FACILITY ORGANIZATION TO MANAGE INTERFACE BETWEEN MANUFACTURING AND EXTERNAL ENVIRONMENTS
The management of interfaces between manufacturing zones and adjacent external environments is important in any facility design
to appropriately segregate general access areas from controlled-access GMP manufacturing areas, and to allow for a defined,
controlled flow of personnel and material between areas. For a CNC ballroom design, the facility shell generally protects
the core manufacturing area and maintains the emphasis on high standards in a controlled, but not "classified," safe and clean
environment. If the design and subsequent operation of these interfaces is lacking or not carried out effectively, then control
of the CNC space may be compromised.
Consideration of the controlled passage of all people and materials in and out of the facility will be needed at a detailed
level, and segregation strategies must be formulated. The external and connecting flows will need to be coordinated with internal
flows. The design requirements in this respect may be thought of as typical but will take on added significance with a ballroom
A minimum specification for a CNC ballroom design was proposed in the previous article (1). The contiguous spaces may also
be CNC or have their own classified requirements with appropriate design and operational specifications. The interface must
support these differences effectively, but this is already the norm in any manufacturing facility design. The necessity of
procedures for gowning changes at these interfaces, for example, and for management of material containers including identification
control and cleaning/wipe-down routines, should be considered in the facility risk analysis. Other factors include waste removal
and maintenance (i.e., parts and people) flows.
MANAGING PLANNED AND UNPLANNED SYSTEM BREACHES
Closed processing, or functionally closed processing, is a principal justification supporting multi-product manufacturing
in a single ballroom suite. However, a manufacturing system is unlikely to be closed at all times; planned and occasionally
unplanned breaches do occur in hard-piped and single-use equipment. Engineering and procedural measures need to be employed
to mitigate the risks.
Impact of system breaches during concurrent multi-product manufacturing
Consider the case where upstream and downstream process steps for Products A and B biopharmaceutical DS's are operating in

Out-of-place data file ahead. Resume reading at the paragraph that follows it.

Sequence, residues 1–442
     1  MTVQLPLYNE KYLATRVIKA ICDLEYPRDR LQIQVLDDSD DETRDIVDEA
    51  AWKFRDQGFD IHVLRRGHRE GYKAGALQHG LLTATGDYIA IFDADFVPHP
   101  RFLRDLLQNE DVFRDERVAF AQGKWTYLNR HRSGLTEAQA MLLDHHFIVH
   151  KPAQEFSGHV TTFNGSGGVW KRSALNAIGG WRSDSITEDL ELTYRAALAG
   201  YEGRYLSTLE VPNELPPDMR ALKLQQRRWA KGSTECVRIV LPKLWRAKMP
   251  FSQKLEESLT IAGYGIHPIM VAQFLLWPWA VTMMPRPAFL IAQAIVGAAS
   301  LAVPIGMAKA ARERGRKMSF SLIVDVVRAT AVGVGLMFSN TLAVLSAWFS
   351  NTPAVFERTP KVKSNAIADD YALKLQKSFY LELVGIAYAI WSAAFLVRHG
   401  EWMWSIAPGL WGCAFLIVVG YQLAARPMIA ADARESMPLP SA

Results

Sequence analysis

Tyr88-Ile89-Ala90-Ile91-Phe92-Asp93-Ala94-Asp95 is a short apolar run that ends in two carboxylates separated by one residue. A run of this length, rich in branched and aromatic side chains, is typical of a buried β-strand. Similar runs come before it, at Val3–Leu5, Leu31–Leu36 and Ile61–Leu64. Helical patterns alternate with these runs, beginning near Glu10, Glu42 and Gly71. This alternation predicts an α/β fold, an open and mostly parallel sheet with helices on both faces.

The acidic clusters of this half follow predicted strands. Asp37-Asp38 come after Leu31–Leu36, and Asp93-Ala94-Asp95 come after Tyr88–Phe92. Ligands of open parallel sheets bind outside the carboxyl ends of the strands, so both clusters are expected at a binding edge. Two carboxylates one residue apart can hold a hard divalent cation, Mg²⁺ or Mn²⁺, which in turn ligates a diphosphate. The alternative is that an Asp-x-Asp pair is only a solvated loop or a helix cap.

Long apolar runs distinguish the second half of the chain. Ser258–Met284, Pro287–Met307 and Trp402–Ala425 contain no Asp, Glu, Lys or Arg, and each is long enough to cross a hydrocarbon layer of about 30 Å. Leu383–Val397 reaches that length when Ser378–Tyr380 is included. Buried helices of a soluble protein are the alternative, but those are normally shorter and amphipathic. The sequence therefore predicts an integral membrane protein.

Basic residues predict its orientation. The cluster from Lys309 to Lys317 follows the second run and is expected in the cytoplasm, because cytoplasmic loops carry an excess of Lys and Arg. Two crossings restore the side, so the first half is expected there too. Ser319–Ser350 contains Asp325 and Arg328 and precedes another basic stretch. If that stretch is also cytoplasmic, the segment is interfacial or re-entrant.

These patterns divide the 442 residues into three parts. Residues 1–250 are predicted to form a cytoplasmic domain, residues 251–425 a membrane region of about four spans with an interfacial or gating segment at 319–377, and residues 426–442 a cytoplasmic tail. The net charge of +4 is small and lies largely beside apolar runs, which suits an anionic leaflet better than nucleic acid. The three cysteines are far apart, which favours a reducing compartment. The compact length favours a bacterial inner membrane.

a ballroom suite, and a system breach occurs, thus releasing cell-culture material A to the suite. The cell-culture material
contains cells, DS product, host cell impurities, and endogenous agents.
Cleaning and sanitization procedures, whose effectiveness is supported by data, would be required to contain the spill, collect
and remove spilled material from the suite, and then clean and disinfect all potentially impacted surfaces. Procedures would
also need to include details for mitigating risks from potential contamination on the gowns/gloves of the personnel involved
in the spill and clean up, and even for those who may be in the area but not involved. The risk remains that cell-culture
material could have been aerosolized and remain in the manufacturing area or that the cleaning and sanitization procedures
are not completely effective, and some small risk remains. The scenario could apply equally to a traditionally segregated
manufacturing area, as well as in the proposed ballroom, but the impact in the later situation may be more significant.
Spill-containment measures can be incorporated into the facility design, for example slopes in the floor and/or bund walls
around systems to collect spill. To have a cross-contamination event, a downstream process step for Product A, or any process
step for Product B, must be open while there is risk of contamination from the spill (see Figure 2).
Figure 2: Potential vectors of cross contamination.
Functionally closed systems are routinely opened and depend on a sanitization procedure to bring the system back into a closed
condition. Therefore, if cell-culture material entered the connection point through an aerosol or through contact by an operator,
the sanitization procedure would have to be robust enough to remove this contamination.
A downstream process step from the same DS process or a process step of the other DS process could also be open due to an
unplanned breach. This situation is unlikely, because it requires an unplanned breach, which resulted in the spill, and a
second simultaneous breach to create an avenue for cross-contamination.
A cross-contamination from upstream to downstream in a single DS process could mean that steps that clear host-cell impurities
or endogenous agents are bypassed. If log reductions of viral clearance are claimed in the process, then a small cross-contamination
could violate a clearance claim. An assessment of the potential magnitude of a cross-contamination and its impact on viral
reduction or host cell impurity clearance claims is recommended.
The impact of a cross-contamination from one DS to another depends on the nature of the products that are being manufactured.
If the product types and indications are similar, the impact may be lower. In other cases, even a very small cross-contamination
could have a potentially large safety impact. These situations need to be evaluated on a case-by-case basis with subject matter
experts. Again, a quantitative assessment of the maximum tolerable cross-contamination is recommended.